By ROBERT W. WELKOS
When you ask indie producer Luillo Ruiz how his recent low-budget action-comedy film Welcome to the Jungle featuring veteran martial arts star Jean-Claude Van Damme could come with 31 producer credits, his answer is simple and straightforward.
The film’s financiers were given executive producer credits, he said, while others who provided their production skills for less than what they would normally charge accepted other producer credits.
“They are not charging what they are supposed to charge but they are very passionate about bringing their skill to this film and the skills they bring to this film have a cost. That cost you should repay,” Ruiz explained by telephone from Puerto Rico, where his production company, Piemienta, is located and where the film was shot.
In the film, which came out in limited release Feb. 7 and has also been released on DVD, Van Damme plays an unhinged Marine who leads a group of unsuspecting office workers on a survival trek across a jungle-infested island when they find themselves stranded at a corporate retreat.
Ruiz said the shoot took 19 days in Puerto Rico.
According to IMDB, Welcome to the Jungle comes with two producers—Ruiz and L.A.-based Justin Kanew (“The Amazing Race”)—along with 14 executive producers, eight associate producers, four co-executive producers and three co-producers.
Welcome to the jungle, indeed.
But the Van Damme film is not an isolated case of producer credit glut.
Last year, Lee Daniels’ The Butler drew media attention apart from the drama’s strong reviews when it listed 41 producer credits.
The Producers Guild of America co-president Mark Gordon told the entertainment website The Wrap that the 41 producer credits was “a little embarrassing for everyone within our community.”
The PGA has been fighting producer credit bloat for years and now has a certification process in place to protect the integrity of the producer credit.
According to the PGA, once a producer’s work on a film is certified by the guild, the “Produced by” credit and producers name will be followed by the distinctive mark: “p.g.a.” All the major studios have signed on to the process as well as many independent producers.
In the days and weeks to come, Hollywood studios and independent distributors will be releasing all sorts of films that are crammed with producer credits. For example:
*Fifteen producer credits on IFC Films’ The Face of Love starring Robin Williams, Ed Harris and Annette Bening.
*Fourteen producer credits on A Birder’s Guide to [...]
Tag Archives: Entertainment
By ROBERT W. WELKOS
One of the more interesting and unlikely developments from this past weekend’s Academy Awards telecast was David O. Russell’s film American Hustle managing to lose in each of the ten categories it was nominated in. Historically, 0-fors almost never happen. Recent examples include Gangs of New York and True Grit, but by and large, if your movie is among the most nominated of the year, it winds up going home with at least a token win. So, how did American Hustle wind up being shut out, and why exactly did it happen?
In short, it was mainly due to the competition. The flick wasn’t nominated in any one particular category where it had an easy road to a win. Maybe if you took away The Great Gatsby from contention, maybe Best Costume Design would have been the place? American Hustle was the runner up in a lot of places, likely including Best Supporting Actress and Best Original Screenplay, but there wasn’t an obvious place to reward it, so a concerted effort was never made to just honor it in one particular place. The closest things to that was the Supporting Actress race, where Jennifer Lawrence nearly upset Lupita Nyong’o, but that was always going to be a toss up category.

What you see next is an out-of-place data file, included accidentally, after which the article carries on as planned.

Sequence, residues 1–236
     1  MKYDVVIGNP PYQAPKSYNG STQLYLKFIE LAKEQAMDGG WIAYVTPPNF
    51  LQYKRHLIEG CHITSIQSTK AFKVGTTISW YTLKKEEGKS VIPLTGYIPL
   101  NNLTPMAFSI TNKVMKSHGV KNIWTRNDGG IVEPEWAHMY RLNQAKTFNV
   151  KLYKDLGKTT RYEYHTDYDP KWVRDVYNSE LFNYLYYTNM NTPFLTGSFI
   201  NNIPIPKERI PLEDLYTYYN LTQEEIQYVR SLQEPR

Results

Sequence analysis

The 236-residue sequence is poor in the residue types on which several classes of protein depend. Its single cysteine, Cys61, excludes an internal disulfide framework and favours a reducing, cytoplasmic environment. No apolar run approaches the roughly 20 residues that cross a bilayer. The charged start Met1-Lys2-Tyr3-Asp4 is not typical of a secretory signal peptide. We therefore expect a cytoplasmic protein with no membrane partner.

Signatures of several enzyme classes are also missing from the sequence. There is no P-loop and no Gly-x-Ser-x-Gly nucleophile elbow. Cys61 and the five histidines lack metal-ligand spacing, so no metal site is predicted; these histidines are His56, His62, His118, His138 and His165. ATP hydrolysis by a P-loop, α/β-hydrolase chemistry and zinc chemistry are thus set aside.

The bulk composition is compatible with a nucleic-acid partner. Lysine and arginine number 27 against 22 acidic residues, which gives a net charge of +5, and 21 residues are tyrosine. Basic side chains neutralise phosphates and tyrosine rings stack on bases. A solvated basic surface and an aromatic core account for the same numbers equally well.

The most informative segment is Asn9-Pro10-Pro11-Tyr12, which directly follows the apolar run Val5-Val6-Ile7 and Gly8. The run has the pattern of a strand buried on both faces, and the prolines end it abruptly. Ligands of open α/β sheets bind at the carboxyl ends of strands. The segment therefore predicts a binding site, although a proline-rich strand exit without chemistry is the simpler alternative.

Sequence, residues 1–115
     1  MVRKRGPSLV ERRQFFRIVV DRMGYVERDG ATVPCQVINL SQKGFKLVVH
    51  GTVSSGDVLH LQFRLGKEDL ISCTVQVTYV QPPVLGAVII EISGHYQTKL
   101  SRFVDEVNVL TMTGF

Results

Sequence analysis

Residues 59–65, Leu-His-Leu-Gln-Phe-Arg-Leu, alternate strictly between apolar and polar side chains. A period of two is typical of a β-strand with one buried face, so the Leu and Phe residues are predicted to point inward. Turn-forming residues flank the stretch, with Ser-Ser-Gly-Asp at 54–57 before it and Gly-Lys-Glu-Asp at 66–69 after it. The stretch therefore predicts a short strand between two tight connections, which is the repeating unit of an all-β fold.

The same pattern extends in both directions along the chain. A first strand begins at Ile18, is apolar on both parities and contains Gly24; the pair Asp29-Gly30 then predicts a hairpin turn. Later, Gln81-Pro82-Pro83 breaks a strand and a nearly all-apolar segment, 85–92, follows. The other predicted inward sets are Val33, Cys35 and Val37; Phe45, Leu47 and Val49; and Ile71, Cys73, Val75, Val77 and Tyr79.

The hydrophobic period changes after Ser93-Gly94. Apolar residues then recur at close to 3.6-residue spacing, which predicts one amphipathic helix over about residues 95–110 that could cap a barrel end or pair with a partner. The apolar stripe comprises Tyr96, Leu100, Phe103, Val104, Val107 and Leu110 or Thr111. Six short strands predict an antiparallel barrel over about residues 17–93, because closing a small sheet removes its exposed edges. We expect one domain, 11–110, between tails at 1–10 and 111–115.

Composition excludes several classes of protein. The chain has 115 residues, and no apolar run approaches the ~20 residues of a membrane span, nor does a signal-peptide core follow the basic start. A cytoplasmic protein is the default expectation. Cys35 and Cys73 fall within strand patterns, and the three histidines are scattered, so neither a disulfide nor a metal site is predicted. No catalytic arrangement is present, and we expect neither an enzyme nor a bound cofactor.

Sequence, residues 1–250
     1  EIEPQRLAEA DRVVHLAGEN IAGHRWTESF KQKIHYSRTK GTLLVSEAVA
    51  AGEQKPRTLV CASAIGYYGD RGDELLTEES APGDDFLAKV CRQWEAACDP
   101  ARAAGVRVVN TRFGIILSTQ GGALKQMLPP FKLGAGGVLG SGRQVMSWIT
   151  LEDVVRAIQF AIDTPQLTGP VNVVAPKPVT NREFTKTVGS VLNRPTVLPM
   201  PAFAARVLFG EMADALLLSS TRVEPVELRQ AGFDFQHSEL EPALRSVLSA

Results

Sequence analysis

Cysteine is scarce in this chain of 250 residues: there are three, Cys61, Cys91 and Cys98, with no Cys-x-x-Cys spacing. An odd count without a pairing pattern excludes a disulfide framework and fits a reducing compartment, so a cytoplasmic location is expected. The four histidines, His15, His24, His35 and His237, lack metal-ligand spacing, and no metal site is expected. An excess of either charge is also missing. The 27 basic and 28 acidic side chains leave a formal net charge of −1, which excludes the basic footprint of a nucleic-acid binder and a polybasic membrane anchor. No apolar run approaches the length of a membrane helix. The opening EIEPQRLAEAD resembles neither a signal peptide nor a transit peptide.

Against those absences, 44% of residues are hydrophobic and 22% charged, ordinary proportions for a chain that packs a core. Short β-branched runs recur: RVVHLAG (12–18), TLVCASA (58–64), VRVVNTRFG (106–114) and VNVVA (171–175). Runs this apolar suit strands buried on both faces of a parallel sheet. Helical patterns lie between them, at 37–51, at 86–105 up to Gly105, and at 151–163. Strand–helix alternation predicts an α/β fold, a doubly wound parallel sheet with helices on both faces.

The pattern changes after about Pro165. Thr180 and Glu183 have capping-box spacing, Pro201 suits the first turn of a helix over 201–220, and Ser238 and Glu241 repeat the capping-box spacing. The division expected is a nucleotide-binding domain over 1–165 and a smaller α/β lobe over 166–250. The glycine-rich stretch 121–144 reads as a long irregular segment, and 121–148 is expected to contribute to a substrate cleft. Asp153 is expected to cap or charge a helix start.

American Hustle probably also suffered to some degree because of the Olympics. That stretched out the season and gave members of the Academy extra time to get around to 12 Years a Slave and to revisit films like Gravity, The Great Gatsby, and Her. With a shorter decision time, Oscar voters who were flirting with Russell’s movie might have just up and committed to it, instead of holding back and ultimately going in a different direction. You never can be sure about something like this, but I have a feeling that over the last week or two, the flick really had its momentum come to a screeching halt.
Personally, I liked the film more than a lot of my colleagues did, so I take no enjoyment in seeing it go home empty handed. That’s just the nature of the business though. There are only so many awards to be given out, and in a super competitive year like this one, something had to give. In a very literal way, the nominations turned out to be the reward for American Hustle.
You have to give the film a great deal of credit though for going [...]
Happy Oscar Sunday everyone! While wait for the show to start later on this evening, it’s time for the weekly box office report. Leading the way this weekend was a new film for a change, as Liam Neeson’s thriller Non-Stop debuted at number one with an estimated $30 million. At number two we had the debut of the religious flick Son of God, which took in an estimated $26.5 million, and down at number 14 we had the re-release of Anchorman 2: The Legend Continues in a special R rated edition. That movie grabbed an extra $1.3 million from fans. Among the limited release openings, we had a wide range of indie titles that failed to make much of a mark, including The Bag Man, Ernest & Celestine, The Lunchbox, and Stalingrad. They didn’t embarrass themselves, but none look to be a crossover hit or anything of that sort.
Liam Neeson continues to be a reliable action hero, as Non-Stop had a very solid first weekend haul. As for Son of God, folks didn’t seem to mind that it’s just an expanded version of the TV series The Bible that they already could have seen for free. As for Anchorman 2, that re-release was only designed for hardcore fans of the film, so don’t read too much into that small cume.
Among the notable holdovers in theaters, The LEGO Movie continued to be a blockbuster with another $21 million in its bank account. The other good holds were that of The Monuments Men, which made $5 million and keeps right on chugging along, as well as the $3.6 million more that Frozen took in this weekend.
Here now is what the top ten looked like at the box office for this particular weekend:
1. Non-Stop – $30,019,000
2. Son of God – $26,500,000
3. The LEGO Movie – $21,015,000
4. The Monuments Men – $5,000,000
5. 3 Days to Kill – $4,900,000
6. RoboCop – $4,500,000
7. Pompeii – $4,300,000
8. Frozen – $3,611,000